Fr. John Kubeck, an Opus Dei priest from the Layton Study Center, Brookfield, describes St. Josemaria Escriva as a man of the people and a man who enjoyed life.

escriva1The future St. Josemaria Escriva de Balaguer blesses a baby in Altoclaro, Caracas, Venezuela on Feb. 8, 1975. (Submitted photos courtesy of the Opus Dei Communications Office)“He was a very open, fun-loving person,” Fr. Kubeck said. “He enjoyed being with (the seminarians) especially.”

St. Josemaria Escriva de Balaguer founded Opus Dei in Madrid, Spain, in 1928. It is established in about 66 countries and boasts about 87,000 members, including about 1,900 priests. There are about 100 members in the Milwaukee Archdiocese. The core idea of Opus Dei, Latin for “God’s work,” is to bring the Gospel into the secular world and to sanctify daily life as an act of service to God.

Pope John Paul II beatified Msgr. Escriva in Rome May 17, 1992, and canonized him in Rome Oct. 6, 2002.

His feast day will be observed in the Milwaukee Archdiocese on Tuesday, June 26, with a 6:30 p.m. Mass at the Cathedral of St. John the Evangelist.

Fr. Kubeck first met St. Josemaria Escriva in 1961 when he went to Rome to study. They lived in the office of Opus Dei together and he said St. Josemaria Escriva always spent time with him and other seminarians.

“He was trying to bring us closer to the idea that we had already committed ourselves to,” he said. “Explaining to us what it involves.”

He said St. Josemaria Escriva would hang out with them and listen to the music they were playing. He added that St. Josemaria Escriva would tell them that the music wasn’t his style but, “because you enjoy it, I enjoy it.”

Fr. Kubeck remembered once, early in 1961, being given a tour of the chapel by St. Josemaria Escriva with another seminarian in the Opus Dei offices. In the chapel was a special tabernacle in the shape of a dove and it was suspended from the ceiling with chains.

“The door to the tabernacle, the dove’s breast, is glass so it can be opened and you can see the host exposed there,” Fr. Kubeck said. On this tour St. Josemaria Escriva went around the chapel and explained to him the different “motifs.”

“The kneeler,” he said, “was one that St. Pius X had and that the family of St. Pius X had given it to St. Josemaria. He pointed these things out to us, so that was a memorable moment.”

St. Josemaria Escriva, Fr. Kubeck said, loved jokes.escriva2The future St. Josemaria Escriva is pictured in Fátima, Portugal. Nov. 2, 1972. (Submitted photos courtesy the Opus Dei Communications Office)

“He helped me to distinguish between what was a dirty joke and a funny story that involved human sexuality,” Fr. Kubeck said. “You couldn’t help but be at ease in his presence.”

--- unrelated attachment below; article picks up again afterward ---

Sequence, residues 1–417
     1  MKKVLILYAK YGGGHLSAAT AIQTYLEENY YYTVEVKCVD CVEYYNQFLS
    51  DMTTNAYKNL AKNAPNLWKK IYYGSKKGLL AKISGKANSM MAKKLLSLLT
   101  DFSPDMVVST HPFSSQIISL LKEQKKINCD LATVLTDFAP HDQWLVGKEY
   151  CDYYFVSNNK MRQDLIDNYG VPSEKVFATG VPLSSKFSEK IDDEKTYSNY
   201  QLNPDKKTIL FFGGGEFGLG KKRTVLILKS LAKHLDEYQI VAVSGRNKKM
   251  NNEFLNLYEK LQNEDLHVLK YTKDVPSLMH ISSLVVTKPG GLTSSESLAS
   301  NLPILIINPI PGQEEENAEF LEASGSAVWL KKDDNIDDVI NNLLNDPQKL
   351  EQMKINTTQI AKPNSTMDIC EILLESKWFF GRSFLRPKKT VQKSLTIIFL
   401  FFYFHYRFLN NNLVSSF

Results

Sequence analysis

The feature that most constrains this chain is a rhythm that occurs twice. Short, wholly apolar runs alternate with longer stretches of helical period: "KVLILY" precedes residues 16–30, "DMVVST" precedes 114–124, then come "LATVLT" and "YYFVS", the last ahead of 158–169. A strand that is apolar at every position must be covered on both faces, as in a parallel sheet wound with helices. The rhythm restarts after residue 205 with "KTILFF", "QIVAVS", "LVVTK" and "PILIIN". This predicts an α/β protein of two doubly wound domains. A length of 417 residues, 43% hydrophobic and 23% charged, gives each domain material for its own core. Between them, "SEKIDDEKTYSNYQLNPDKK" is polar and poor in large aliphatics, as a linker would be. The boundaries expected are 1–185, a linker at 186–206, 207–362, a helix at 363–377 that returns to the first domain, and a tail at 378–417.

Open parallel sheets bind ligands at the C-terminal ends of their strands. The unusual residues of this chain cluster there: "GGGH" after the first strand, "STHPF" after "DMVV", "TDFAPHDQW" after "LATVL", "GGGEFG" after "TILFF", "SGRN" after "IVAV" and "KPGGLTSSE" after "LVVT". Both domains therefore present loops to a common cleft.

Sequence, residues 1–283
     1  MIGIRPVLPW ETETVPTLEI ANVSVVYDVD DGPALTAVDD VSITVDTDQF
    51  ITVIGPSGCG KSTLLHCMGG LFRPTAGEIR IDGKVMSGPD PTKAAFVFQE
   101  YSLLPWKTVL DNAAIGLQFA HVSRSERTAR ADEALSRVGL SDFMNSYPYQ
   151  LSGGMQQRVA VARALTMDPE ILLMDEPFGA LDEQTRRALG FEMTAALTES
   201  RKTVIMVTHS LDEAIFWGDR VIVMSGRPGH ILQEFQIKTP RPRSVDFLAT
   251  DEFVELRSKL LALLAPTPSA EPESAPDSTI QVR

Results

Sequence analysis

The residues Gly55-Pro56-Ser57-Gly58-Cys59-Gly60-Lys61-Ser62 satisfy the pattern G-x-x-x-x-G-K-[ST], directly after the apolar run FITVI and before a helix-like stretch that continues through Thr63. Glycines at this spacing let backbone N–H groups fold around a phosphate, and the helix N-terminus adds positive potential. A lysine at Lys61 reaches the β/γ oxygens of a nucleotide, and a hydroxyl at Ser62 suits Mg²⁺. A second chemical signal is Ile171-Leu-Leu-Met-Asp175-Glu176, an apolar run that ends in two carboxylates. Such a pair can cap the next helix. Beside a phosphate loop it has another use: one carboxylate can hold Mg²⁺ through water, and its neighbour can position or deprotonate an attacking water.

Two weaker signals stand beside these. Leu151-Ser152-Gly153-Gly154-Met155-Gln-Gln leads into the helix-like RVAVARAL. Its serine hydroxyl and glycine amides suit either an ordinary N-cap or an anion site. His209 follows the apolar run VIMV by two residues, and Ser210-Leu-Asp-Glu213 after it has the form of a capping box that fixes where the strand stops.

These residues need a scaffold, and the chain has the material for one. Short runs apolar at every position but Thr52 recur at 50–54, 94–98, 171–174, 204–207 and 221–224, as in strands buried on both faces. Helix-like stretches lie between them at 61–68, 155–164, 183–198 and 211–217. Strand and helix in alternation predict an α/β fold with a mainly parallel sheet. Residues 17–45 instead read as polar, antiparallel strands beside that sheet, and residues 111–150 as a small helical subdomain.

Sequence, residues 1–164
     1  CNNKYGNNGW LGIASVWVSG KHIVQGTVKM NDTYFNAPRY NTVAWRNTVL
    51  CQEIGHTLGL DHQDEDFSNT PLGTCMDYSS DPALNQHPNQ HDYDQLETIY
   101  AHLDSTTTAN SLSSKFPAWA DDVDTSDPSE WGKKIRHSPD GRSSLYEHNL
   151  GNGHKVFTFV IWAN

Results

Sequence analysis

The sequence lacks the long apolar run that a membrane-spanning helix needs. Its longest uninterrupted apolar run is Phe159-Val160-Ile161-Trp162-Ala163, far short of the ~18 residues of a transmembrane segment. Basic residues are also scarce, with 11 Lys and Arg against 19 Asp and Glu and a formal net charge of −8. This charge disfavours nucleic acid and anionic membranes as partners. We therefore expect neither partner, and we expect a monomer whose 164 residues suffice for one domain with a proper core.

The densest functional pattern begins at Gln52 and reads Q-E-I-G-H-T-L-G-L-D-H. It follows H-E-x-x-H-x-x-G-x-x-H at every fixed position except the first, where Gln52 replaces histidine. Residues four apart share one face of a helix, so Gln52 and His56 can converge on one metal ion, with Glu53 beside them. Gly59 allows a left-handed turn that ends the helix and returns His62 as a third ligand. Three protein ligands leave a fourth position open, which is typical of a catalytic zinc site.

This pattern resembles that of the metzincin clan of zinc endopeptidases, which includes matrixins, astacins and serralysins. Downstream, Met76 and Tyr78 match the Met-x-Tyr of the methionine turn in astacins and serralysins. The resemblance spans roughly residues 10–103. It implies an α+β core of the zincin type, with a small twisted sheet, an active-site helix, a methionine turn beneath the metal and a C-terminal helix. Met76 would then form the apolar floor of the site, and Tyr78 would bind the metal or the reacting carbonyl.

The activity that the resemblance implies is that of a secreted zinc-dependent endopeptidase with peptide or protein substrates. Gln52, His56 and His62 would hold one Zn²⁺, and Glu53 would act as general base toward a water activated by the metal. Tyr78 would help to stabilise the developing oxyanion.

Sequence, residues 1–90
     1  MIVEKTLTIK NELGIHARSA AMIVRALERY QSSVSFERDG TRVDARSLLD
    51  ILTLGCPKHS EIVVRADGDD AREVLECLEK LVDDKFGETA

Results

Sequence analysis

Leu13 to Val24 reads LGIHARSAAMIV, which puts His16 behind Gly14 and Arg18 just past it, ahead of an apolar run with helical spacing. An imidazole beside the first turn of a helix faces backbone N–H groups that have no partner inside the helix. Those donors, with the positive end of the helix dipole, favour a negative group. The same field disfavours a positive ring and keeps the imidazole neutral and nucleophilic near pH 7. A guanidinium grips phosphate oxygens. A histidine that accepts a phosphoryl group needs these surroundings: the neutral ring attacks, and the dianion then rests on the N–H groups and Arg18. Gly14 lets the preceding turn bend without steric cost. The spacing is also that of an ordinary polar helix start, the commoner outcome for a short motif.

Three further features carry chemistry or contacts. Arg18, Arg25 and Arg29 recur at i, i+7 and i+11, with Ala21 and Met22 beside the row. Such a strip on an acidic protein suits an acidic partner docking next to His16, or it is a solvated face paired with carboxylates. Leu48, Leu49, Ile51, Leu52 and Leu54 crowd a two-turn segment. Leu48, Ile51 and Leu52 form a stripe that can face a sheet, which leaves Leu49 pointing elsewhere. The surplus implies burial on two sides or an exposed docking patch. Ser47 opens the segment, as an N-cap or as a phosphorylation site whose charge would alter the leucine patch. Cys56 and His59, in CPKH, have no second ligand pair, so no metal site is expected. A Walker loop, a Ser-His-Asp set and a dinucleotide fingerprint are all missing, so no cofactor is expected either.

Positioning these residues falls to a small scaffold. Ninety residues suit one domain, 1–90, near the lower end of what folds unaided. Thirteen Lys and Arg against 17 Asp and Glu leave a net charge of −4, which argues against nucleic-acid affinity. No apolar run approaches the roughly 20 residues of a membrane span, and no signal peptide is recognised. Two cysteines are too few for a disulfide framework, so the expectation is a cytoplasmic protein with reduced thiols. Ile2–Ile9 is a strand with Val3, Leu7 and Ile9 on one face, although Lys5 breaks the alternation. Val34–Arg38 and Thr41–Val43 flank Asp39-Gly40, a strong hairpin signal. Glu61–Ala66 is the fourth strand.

John Coverdale, lawyer and Milwaukee native, spent six years with St. Josemaria Escriva, 1962-1968. He said St. Josemaria Escriva had a great sense of humor, but rarely told jokes.

“He often made funny comments,” Coverdale, an author who has written books about St. Josemaria Escriva and Opus Dei, said. “He certainly liked it when people told jokes to him.”

Coverdale said even during those humorous times, St. Josemaria Escriva always reflected on his faith.

“He had such a vivid, strong faith,” Coverdale said. “One minute you could be laughing, seamlessly he would be talking about Our Lady or the Trinity.”

As Opus Dei became better known, so did the popularity of St. Josemaria Escriva, and with that popularity came greater demands to run the organization. Despite all that work, Coverdale said he always had time for people.

“He had a very full plate, yet he was very focused on individual people,” Coverdale said.

One of the things Coverdale said he misses is the way St. Josemaria Escriva used to greet him.

“He would say, ‘Chon!’; he could never get my name right,” Coverdale said. “I could still hear the warmth of his greeting.”

Coverdale attended St. Robert Parish, Shorewood, and joined Opus Dei while at Marquette University High School. He went to Rome in 1960 to begin his studies.

Fr. Kubeck said he didn’t know what Opus Dei was until his sophomore year of college.

“I had never heard of Opus Dei in my life, up until that point,” he said. 

After learning more about the order, Fr. Kubeck said it was the teaching that God is present in everyday life that made him decide it was right for him.

“(Opus Dei is) taking your Catholic faith seriously,” Fr. Kubeck said, adding that St. Josemaria Escriva taught that God has to be sought in everyday life.

Bishop Donald J. Hying will celebrate Mass on St. Josemaria Escriva’s feast day on Tuesday, June 26 at 6:30 p.m. at the Cathedral of St. John the Evangelist, 812 N. Jackson St., Milwaukee.

Recently, Opus Dei was highlighted in the fictional book and later movie, based on the book, “The Da Vinci Code” by Dan Brown. Its portrayal of the organization is controversial, but Fr. Kubeck said the publicity has helped Opus Dei.

“Many more people know about Opus Dei because of it,” Fr. Kubeck said. “It was a great help. I don’t know how many people I’ve met that have read it and said ‘it piqued my curiosity and I wanted to find out more.’”

St. Josemaria Escriva died in 1975 and was canonized in 2002. Fr. Kubeck traveled to Rome for the canonization.

“I looked up and thought, ‘Gosh, you know, Father (the name he always called St. Josemaria Escriva), I knew, but now it’s striking. I looked into those eyes for so long and I was looking into the eyes of a saint,’” Fr. Kubeck said. “Then it occurred to me that he was like telling me, ‘My son, I, too, was looking into the eyes of a saint.’ And that really caught me and I shed a few tears at that point.”